Here’s the Key to Better Landscape Photos With One Simple Trick
Landscape photography is probably the most popular genre, and for good reason. There is no lack of subject matter. It’s generally easy to access. And it’s fun to explore the world in which we live and document it with our cameras.
Of course, every photographer wants to improve his or her work, and landscape photographers are no exception. Though there is a seemingly endless array of tips and tricks that you can use to improve your landscape photos, there is one that stands out as being highly impactful, yet really simple to implement: leading lines.
Let’s explore a few reasons why leading lines are such a great addition to your landscape photos.
Why Are Lines Such a Big Deal?
The short answer is that lines draw viewers deeper into the image. Think of lines as a little visual highway that directs people’s eyes through the shot. Lines help the eye explore the photo from foreground to middle ground to background, giving viewers a better understanding of how each area of the photograph relates to the others. What’s more, leading lines can also help give greater balance and flow to your images. In some cases, lines can even confine the viewer’s eye, helping to direct their attention toward the primary subject, much like the fences direct your eye toward the sunset in the image above.
Lines Don’t Have to Be Perfectly Straight Either
When we think of lines in landscape photography, what comes to mind first is likely a straight stretch of road, a trail, a fence line, and other features that stretch into the distance in a relatively straight fashion. And though straight lines are certainly a powerful variant of leading lines, they aren’t the only option.
If the perspective is right and there is a good enough view into the distance, lines can be of the converging variety, which appear to get closer together as they fade into the distance. Railroad tracks are an ideal example of this. And even though the lines are perfectly parallel and straight, the visual impression is that they converge, which gives more interest to the shot.
Another option is to highlight lines that cut across the scene on a diagonal. Unlike typical leading lines, diagonal lines help move the viewer’s eye across a scene, as seen above. This might be useful in instances in which a wide-angle view is taken or a panoramic photo is taken in which the horizontal plane is emphasized. In the case of a panorama in particular, there isn’t much visual depth, so helping the viewer explore the image from left to right gives the impression that there is more going on in the scene than there actually is.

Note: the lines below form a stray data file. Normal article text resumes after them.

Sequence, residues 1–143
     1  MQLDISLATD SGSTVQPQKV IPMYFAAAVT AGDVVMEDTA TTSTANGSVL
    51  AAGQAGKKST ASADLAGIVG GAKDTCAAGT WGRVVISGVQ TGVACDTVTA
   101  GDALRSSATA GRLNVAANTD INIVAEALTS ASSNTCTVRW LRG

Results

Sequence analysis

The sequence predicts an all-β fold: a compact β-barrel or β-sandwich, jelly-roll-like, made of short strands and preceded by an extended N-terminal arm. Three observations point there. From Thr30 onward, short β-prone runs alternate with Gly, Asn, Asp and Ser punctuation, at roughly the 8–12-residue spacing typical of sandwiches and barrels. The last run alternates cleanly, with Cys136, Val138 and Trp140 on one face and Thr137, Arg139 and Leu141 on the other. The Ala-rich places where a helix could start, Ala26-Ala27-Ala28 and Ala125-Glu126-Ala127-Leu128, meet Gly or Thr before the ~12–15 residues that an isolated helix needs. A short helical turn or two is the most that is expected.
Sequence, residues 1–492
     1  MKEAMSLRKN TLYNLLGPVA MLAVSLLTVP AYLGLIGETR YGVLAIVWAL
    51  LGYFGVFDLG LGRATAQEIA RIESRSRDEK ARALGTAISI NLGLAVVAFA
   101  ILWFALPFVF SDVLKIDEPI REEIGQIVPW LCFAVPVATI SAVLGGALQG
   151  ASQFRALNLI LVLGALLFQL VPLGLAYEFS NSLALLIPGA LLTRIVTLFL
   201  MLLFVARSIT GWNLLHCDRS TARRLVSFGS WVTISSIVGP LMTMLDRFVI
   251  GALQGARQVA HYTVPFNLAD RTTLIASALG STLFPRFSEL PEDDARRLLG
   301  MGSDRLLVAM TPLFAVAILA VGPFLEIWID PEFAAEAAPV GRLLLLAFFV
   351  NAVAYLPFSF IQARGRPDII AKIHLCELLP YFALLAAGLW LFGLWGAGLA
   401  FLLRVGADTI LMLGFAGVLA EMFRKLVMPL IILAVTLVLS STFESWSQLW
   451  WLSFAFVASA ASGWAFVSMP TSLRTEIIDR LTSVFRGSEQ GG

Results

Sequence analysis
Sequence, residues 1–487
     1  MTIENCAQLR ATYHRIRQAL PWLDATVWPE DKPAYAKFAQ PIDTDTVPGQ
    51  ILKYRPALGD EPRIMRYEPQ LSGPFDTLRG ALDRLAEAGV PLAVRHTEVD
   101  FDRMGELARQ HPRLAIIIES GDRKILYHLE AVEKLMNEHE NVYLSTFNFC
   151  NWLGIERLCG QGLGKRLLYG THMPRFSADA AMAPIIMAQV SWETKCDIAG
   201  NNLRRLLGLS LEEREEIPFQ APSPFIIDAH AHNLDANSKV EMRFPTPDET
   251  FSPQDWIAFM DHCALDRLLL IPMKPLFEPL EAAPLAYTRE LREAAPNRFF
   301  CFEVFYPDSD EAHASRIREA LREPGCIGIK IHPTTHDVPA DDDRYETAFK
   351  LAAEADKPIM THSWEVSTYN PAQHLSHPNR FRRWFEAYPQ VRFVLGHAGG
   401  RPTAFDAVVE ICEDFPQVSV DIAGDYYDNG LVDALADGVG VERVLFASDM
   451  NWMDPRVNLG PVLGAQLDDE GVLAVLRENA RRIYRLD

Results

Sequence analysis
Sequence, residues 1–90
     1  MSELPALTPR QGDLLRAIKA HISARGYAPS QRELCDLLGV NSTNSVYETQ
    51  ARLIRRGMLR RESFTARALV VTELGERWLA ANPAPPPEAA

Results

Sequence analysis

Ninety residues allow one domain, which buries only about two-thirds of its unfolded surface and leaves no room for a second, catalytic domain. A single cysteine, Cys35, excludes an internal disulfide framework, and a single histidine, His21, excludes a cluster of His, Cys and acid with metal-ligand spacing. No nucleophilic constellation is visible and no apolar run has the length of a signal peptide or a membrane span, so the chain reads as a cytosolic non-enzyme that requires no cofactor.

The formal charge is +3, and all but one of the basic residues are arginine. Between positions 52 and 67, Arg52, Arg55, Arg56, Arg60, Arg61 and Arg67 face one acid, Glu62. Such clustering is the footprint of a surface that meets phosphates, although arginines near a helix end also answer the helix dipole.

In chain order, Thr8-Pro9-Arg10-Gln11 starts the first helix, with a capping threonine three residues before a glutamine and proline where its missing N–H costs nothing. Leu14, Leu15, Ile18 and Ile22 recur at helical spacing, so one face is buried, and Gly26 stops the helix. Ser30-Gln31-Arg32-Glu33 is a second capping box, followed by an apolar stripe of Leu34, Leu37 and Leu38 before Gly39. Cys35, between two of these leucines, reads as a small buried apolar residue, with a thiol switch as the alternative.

Curved lines are yet another option. Though curved lines don’t offer as direct of a pathway to the subject of the photo, they do provide an excellent means of exploring the photo in more depth. The meandering nature of a curved road, for example, is a great way to help connect different layers in a landscape photo, especially when a high perspective was used to take the shot.
Consider All Types of Lines
Though roads, paths, fence lines, and other manmade lines are certainly the most obvious type of leading line, they aren’t the only ones available. Consider the following as other options for incorporating lines into your photos.
Vertical lines, like tree trunks, which give greater height to an image:
Subtle elements like ripples in sand dunes, which provide an added level of detail:
Lines created by rivers or waves, which extend into the distance or across the scene to provide added depth or width:
Docks, jetties, and wharves that provide foreground interest:
With that, you have a better understanding of why lines are so useful, and you have plenty of fodder for inspiration too. Now it’s time to grab your camera, find yourself a nice landscape, and see how you can use leading lines to create better photos!